This last play is another backdoor.

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Green has the ball up top, Curry and Durant are at the left wing while Iggy and Thompson are at the right wing.

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Curry sets up a down screen on Lebron.

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Lebron braces himself for the play on the screen while Durant rejects the screen and cuts backdoor.

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Love should be the next rotation for help but hasn’t taken his eye off Green the whole play.

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Green makes another top notch pass to Durant for the easy bucket.  Love should’ve been there to wall off Durant but this play isn’t his fault.  Lebron should’ve read Durant’s use of the screen better and he should’ve communicated right away to weak side for help.

I picked these four plays because they’re not overly complex; in fact they’re simple.  But they do highlight the fundamental problems the Cavs have while guarding the Warriors.

I think Game three the Cavs defense will be better; home crowd, energy, focus.  I think they sure up these simple mistakes.  Overall, I don’t see the Cavs making a comeback.  The Cavs defensive problems are too deep for them to win 4 out of 5.  They should get at least one game….right?

Favorite Play: Game #1 NBA Finals 2017

The first game of the the NBA Finals is finally in the books.  The game can be summed up in four words: pace, Curry, Durant and turnovers.  

Pace because Cleveland won last years finals at a rate of 95 possessions per game; the fewer the better.  Game one was at 102 possessions; advantage Warriors.  

Curry because when Cleveland put him in pick-and-roll situations last Finals the Cavs took advantage of the switches.  Game one had Curry showing instead of switching; it slowed down dribble penetration and gave the Warriors time to recover.  Curry on offense was amazing too, breaking down the defense with his handle and creating gravity with his shot.  

Durant because he was unguardable.  The Cavs had a tough time guarding him; do they trap?  Do they switch?  Do they bust out Ty Lue’s secret  defense he’s been saving for the playoffs?  Whatever they do they better think of something quick.  

Turnovers because it was a 20 to 4 difference; plain and simple.  If the Cavs can’t take care of the ball than this series is over in a hurry.

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My favorite play of the game came in the fourth quarter with about 11 minutes left to go.  The Warriors were up 21.  It’s a play that had a few options depending on what the defense did.  In this instance Klay Thompson was used more like a diversion cutting off two baseline screens and curling to the three point line.  Normally this play can yield a wide open three to Klay but this time it was as a misdirection.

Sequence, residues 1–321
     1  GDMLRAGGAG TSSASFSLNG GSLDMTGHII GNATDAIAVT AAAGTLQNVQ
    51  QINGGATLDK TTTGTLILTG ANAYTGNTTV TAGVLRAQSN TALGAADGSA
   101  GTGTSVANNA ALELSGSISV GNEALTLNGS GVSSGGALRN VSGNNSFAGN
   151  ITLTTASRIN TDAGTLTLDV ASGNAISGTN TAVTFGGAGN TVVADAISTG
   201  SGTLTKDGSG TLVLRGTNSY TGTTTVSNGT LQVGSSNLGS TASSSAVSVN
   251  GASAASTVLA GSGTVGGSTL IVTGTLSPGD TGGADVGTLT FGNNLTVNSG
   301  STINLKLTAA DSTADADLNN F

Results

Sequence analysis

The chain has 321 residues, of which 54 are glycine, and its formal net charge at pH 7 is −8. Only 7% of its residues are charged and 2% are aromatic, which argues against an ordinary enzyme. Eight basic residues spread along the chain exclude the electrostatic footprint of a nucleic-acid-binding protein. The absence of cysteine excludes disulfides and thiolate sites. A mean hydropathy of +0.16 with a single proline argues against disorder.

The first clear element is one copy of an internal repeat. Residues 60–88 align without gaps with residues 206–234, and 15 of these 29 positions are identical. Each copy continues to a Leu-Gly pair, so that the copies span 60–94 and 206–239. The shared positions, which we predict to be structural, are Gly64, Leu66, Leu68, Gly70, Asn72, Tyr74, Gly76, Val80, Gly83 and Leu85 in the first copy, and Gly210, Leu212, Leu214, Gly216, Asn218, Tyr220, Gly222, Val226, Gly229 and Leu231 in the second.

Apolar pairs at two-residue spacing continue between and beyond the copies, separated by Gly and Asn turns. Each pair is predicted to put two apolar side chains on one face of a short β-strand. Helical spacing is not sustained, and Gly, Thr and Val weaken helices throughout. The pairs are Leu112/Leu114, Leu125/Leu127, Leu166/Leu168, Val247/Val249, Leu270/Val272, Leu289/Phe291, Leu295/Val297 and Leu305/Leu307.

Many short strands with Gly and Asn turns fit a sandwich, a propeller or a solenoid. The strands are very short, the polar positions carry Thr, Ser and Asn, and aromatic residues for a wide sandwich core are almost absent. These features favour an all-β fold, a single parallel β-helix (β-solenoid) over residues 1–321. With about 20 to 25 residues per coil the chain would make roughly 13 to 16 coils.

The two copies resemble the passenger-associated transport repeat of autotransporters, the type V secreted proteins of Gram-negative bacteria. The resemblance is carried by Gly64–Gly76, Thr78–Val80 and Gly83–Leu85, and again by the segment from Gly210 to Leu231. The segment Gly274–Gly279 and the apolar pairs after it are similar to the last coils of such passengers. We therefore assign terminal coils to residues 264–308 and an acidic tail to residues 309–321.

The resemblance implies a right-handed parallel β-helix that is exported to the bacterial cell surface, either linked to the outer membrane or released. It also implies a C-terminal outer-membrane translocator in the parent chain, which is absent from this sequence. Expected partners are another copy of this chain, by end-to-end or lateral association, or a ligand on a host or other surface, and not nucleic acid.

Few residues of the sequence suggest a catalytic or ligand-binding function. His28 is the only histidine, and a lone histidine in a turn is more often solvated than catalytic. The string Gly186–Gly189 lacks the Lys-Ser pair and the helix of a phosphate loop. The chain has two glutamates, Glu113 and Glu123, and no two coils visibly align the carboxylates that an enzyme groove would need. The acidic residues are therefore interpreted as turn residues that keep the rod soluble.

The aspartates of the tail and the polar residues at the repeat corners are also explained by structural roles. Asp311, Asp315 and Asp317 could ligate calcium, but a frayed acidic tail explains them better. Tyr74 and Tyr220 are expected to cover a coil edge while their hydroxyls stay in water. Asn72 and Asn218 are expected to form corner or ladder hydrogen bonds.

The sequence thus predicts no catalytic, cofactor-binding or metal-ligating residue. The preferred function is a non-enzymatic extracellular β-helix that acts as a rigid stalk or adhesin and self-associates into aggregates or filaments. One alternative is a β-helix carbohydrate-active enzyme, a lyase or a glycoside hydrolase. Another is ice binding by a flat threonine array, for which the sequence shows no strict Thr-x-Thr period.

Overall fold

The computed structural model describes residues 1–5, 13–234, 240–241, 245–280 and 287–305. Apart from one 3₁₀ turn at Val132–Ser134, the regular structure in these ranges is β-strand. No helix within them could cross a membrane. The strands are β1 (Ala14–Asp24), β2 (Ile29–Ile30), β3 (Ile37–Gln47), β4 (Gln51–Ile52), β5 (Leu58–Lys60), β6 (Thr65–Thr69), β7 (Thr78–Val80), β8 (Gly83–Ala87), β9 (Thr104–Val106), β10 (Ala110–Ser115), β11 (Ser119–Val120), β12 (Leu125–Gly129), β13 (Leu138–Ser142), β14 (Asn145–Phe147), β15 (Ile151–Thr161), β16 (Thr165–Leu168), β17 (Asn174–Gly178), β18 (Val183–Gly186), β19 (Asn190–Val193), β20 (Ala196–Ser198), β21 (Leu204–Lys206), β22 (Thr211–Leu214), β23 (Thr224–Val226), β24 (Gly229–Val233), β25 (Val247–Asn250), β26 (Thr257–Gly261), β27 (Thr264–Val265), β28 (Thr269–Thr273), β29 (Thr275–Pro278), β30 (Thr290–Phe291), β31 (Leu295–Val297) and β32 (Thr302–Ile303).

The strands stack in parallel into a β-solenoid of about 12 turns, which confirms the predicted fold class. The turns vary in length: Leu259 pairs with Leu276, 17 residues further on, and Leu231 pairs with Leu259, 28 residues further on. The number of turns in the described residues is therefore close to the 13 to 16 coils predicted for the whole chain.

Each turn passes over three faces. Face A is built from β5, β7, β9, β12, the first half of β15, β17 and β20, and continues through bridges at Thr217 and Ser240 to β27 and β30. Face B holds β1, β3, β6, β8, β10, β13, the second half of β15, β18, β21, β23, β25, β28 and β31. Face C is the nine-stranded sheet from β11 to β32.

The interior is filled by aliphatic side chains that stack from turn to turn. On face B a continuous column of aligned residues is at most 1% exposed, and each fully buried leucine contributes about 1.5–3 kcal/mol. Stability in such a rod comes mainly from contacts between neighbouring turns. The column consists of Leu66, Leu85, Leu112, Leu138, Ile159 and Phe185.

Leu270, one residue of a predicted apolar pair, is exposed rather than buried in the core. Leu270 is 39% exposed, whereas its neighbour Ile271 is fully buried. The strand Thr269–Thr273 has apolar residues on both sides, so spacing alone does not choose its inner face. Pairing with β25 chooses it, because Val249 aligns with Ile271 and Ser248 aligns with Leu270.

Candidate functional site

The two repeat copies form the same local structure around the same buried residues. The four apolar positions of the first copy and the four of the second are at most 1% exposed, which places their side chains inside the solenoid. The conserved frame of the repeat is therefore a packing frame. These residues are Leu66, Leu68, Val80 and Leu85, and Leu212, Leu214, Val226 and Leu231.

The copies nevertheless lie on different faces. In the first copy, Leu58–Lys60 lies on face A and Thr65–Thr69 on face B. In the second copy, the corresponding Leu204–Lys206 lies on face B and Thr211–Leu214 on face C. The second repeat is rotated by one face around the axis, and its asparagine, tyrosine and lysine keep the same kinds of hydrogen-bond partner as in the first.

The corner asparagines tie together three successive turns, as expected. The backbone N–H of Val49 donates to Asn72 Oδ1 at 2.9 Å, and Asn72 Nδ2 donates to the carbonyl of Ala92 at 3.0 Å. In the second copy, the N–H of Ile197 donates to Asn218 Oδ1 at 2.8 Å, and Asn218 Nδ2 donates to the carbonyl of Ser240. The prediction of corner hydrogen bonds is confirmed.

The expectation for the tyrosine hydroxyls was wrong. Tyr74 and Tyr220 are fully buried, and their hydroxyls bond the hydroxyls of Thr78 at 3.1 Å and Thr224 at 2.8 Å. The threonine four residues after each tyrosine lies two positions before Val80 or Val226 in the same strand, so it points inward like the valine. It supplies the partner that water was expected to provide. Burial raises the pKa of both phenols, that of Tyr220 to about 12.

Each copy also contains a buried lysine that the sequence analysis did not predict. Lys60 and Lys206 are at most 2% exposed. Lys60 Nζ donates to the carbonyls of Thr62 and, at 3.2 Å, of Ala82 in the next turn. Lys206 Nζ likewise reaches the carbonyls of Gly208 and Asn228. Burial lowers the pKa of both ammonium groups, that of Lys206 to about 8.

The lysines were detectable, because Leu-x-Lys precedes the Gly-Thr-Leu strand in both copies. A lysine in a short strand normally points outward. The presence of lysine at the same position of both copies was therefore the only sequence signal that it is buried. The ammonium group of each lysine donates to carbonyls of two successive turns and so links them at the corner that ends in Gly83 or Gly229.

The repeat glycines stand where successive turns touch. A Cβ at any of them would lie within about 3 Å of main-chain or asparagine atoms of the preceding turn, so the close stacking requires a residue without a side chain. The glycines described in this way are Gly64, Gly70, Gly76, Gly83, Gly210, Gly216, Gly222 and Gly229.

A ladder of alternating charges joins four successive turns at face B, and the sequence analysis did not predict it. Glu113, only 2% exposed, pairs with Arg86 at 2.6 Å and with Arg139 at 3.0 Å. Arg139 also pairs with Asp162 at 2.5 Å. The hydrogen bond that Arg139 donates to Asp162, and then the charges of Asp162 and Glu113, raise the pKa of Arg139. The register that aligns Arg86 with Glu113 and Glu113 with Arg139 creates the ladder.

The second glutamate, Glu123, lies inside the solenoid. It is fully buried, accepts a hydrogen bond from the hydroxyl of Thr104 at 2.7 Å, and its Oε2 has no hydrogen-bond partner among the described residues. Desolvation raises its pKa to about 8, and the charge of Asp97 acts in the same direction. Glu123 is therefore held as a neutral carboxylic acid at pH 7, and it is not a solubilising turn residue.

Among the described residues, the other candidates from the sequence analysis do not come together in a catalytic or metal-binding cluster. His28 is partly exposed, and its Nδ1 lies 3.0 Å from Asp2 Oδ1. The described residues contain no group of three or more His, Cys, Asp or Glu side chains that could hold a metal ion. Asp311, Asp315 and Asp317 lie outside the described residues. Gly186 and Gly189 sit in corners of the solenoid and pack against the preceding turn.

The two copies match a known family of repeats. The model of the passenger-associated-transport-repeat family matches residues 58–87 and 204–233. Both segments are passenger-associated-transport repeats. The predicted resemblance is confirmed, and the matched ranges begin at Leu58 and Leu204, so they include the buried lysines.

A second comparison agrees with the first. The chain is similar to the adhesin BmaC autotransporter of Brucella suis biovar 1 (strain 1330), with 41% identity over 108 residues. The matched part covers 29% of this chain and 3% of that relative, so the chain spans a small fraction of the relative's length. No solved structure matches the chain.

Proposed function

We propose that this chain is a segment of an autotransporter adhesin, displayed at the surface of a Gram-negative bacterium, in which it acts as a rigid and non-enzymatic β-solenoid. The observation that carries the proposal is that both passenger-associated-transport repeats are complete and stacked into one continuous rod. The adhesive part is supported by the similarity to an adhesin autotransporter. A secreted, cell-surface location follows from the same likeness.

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It starts off as a sideline out-of-bounds play with Ian Clark passing it in to Andre Iguodala.  Draymond Green sets a cross screen for Klay Thompson in the right corner.  

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The defense stays sound and Deron Williams is attached to Thompson’s hip.

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David West sets a wide-down screen for Thompson.  Thompson curls to the three point line.

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Here is where the option comes to play.  Depending on how the defense reacts, Iggy would either pass it to Klay or enter it in the post for West.

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Just like my last play breakdown, the Cavs miscommunicate on defense.  This time between Deron Williams and Richard Jefferson.  West slips the screen and Iggy makes a nice pass to a wide open West.

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Since there was a miscommunication between Jefferson and Williams Lebron makes the right rotation and steps in front of West’s path.

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As soon as Lebron rotated over to West, Shumpert needed to rotate to Green in the corner then Jefferson would find his way to Clark at the Right Wing.  However, Shumpert didn’t make the proper read and Green makes a well timed cut to the basket.

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West makes a great pass to the cutting Green.  Jefferson does an admirable job of trying to wall off Green.

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In the end Jefferson was late and ends up putting Green on the free throw line.  Even though this play doesn’t result in a direct bucket, the passing and play construction highlights the action of a fast paced offense with multiple layers.  Not only is ball movement and player movement a staple of the Warriors offense, it’s also just enjoyable to watch.